Was that approval by the planning commission legislative or administrative? Sinclair v. New Cingular Wireless PCS

By: Andrew McRoberts, Editor. This was posted Friday, January 27th, 2012

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The Virginia Supreme Court’s opinion in Sinclair v. New Cingular Wireless PCS, Record No. 101831 (January 13, 2012) narrowly read the authority of planning commissions to make certain approvals delegated by zoning ordinance, spurred the dissent of two justices and surprised a lot of local government attorneys.

The case arose out of development proposed on a steep slope in excess of 25% grade in Albemarle County.  The County zoning ordinance allows development on such slopes with a waiver from the planning commission, which is required to consider certain environmental impacts and the report of the County Engineer before making certain findings that the environmental issues have been addressed.  Under the facts of the case, the Albemarle County Planning Commission granted such a waiver, which would have permitted development of a wireless telecommunications tower for New Singular Wireless PCS, LLC.  Kent Sinclair, a law professor at the University of Virginia, was the adjacent property owner and filed a complaint to stop the tower.

Professor Sinclair raised two issues addressed by the Court in its opinion  — (1) whether the “critical slopes” waiver by the planning commission was in fact a variance or zoning modification, requiring consideration of criteria set forth in Virginia Code sections 15.2-2309(2) and 15.2-2286(A)(4), and (2) whether the planning commission was authorized to grant the waiver.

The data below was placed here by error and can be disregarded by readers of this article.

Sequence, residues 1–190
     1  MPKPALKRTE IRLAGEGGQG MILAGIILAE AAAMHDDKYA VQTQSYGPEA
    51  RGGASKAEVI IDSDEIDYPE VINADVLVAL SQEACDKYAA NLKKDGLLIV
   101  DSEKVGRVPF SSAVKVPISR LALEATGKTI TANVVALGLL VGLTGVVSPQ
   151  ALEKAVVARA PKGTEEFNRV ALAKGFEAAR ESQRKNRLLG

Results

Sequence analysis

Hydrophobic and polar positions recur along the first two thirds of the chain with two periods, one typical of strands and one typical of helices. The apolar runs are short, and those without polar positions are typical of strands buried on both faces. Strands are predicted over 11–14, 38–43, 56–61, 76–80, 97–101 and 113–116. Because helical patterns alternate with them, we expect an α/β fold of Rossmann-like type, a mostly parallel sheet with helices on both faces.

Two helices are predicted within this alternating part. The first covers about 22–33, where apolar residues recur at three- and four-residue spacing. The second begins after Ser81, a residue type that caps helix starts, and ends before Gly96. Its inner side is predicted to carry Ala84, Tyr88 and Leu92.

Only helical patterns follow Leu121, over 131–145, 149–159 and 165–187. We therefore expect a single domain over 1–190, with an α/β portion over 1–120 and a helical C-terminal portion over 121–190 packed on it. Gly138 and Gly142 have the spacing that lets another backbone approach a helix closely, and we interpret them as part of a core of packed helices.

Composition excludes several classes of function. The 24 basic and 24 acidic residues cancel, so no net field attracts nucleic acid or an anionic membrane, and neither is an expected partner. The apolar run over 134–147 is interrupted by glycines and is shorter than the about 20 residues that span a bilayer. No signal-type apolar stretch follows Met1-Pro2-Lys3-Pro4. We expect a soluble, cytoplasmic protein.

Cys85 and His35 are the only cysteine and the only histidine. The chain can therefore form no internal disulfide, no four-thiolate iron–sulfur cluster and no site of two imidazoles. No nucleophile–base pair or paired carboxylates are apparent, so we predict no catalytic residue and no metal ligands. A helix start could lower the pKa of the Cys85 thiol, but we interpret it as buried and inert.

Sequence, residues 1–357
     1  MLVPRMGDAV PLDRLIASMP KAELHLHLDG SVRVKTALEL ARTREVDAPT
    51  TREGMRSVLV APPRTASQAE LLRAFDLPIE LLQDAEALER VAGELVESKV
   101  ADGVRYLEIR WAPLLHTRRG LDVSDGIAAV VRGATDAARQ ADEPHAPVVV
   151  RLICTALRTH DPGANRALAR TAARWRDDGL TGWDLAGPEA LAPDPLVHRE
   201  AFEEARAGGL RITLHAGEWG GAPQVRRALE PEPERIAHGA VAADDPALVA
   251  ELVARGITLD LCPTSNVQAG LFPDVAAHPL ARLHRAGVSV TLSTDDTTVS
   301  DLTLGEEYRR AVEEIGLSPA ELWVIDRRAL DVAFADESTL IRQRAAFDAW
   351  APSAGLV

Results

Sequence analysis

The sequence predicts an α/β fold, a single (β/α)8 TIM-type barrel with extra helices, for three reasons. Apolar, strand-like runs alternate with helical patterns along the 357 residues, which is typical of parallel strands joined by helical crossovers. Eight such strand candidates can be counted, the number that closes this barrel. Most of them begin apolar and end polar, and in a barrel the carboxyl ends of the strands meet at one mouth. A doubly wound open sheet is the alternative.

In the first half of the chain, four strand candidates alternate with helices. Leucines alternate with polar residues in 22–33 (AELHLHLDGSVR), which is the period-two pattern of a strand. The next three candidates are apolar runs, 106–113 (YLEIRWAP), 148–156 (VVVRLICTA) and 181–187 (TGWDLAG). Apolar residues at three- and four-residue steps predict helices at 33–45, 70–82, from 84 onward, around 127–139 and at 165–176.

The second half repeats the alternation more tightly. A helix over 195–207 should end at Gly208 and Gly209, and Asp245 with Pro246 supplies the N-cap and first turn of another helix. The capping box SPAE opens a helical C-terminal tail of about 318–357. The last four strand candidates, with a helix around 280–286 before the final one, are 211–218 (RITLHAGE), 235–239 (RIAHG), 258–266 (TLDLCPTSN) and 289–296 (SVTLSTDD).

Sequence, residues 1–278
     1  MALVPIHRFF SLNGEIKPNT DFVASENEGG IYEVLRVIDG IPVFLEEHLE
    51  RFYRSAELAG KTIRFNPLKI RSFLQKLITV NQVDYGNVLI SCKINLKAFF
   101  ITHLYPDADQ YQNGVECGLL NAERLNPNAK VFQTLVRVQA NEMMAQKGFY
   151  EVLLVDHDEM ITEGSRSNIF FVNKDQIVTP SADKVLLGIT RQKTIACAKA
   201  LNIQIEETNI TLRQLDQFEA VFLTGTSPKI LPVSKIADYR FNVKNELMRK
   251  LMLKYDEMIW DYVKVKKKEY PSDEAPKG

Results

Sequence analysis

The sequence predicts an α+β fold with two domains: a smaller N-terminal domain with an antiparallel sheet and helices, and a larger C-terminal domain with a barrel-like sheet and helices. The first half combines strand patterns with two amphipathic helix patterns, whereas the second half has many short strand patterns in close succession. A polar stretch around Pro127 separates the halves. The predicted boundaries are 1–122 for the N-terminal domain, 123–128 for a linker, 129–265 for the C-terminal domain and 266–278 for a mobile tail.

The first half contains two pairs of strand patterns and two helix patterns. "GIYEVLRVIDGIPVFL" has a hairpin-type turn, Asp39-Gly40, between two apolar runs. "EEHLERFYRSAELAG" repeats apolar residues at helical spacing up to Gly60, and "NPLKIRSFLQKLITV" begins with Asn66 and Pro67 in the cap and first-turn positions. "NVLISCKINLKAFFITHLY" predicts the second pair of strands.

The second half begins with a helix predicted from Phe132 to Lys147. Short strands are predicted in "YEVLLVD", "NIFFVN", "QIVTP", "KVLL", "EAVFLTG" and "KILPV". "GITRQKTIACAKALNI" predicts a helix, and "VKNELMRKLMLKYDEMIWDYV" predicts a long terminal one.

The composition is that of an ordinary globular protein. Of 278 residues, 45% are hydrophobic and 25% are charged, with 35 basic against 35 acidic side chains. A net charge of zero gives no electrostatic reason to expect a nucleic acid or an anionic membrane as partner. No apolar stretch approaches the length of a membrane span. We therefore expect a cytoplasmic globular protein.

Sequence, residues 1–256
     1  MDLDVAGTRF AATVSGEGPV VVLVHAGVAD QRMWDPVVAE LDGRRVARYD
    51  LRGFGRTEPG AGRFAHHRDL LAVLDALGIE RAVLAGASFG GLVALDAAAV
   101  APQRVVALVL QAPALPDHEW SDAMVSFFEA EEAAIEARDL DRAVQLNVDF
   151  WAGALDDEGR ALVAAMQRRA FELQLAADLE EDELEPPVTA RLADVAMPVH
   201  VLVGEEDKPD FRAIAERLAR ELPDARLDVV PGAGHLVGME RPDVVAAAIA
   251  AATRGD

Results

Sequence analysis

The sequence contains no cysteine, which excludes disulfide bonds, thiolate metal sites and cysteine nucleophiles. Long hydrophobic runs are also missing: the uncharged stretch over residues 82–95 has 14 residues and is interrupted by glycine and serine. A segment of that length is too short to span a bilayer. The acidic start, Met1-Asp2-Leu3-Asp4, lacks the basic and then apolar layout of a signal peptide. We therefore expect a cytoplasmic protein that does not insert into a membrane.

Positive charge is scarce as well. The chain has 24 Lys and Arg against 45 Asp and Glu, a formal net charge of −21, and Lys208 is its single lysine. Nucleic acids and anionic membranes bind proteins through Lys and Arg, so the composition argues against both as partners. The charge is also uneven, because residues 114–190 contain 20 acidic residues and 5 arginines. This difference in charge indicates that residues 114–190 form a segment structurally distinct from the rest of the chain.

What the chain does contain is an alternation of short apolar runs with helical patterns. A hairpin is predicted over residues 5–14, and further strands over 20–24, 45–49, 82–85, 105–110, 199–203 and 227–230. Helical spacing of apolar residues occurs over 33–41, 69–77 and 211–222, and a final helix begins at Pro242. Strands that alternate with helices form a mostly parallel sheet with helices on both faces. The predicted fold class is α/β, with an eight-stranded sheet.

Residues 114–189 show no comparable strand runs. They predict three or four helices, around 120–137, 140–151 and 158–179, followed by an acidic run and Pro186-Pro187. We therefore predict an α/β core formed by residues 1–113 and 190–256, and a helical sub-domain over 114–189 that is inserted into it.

All the justices agreed that the approval authorized in the Albemarle County Zoning Ordinance for steep slope developments meeting certain environmental and engineering criteria was not a “variance” or a “zoning modification” required to meet the requirements of Virginia Code sections 15.2-2309(2) or 15.2-2286(A)(4).  As stated by the Court, “a variance ‘allows a property owner to do what is otherwise not allowed under the ordinance.’  Bell v. City Council, 224 Va. 490, 496, 297 S.E.2d 810, 813-14 (1982).  But where ‘the property may be developed in a way consistent with the ordinance, but only with approval of the [locality] after specified conditions are met,’ a variance is not necessary.  Id. at 496, 297 S.E.2d at 814.”  

Yes, the justices agreed on the first issue, but for different reasons.  The majority opinion (by Justice Mims) appeared to view the waiver as a form of “special exception,” as was considered in the case of Bell v. City Council, or more generally, a “departure” from the zoning ordinance, not necessarily a “variance” under 15,2-2309 or a “zoning modification” under 15.2-2286(A)(4).  As a “special exception” or other “departure” from the zoning ordinance, the waiver was not necessarily a “variance” or a “zoning modification” reasoned the majority.  However, the dissent simply saw the waiver as an administrative approval after consideration of certain criteria under the zoning ordinance.  This led to the split in the opinions on the second issue and the resolution of the case in favor of Professor Sinclair.

On the second issue, the Court held that a planning commission had no authority to grant such a waiver, holding that as a form of “special exception,” the waiver was a legislative decision beyond the “general role of planning commissions, as reflected in their enabling statutes.” There is no statutory grant of authority, the Court stated, “authorizing planning commissions to consider and rule upon departures from a zoning ordinance.”